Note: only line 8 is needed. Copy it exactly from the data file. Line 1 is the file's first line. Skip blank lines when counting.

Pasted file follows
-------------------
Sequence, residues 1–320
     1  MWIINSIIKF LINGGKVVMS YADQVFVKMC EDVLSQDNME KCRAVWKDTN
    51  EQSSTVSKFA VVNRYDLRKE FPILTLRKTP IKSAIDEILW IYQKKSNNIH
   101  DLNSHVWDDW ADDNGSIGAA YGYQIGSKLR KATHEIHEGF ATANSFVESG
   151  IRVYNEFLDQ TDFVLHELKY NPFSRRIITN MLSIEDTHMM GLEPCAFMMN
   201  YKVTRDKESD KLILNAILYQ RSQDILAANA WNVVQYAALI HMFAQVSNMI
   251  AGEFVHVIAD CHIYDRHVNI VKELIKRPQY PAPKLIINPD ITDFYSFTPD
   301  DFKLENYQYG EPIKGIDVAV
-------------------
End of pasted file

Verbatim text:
   301  DFKLENYQYG EPIKGIDVAV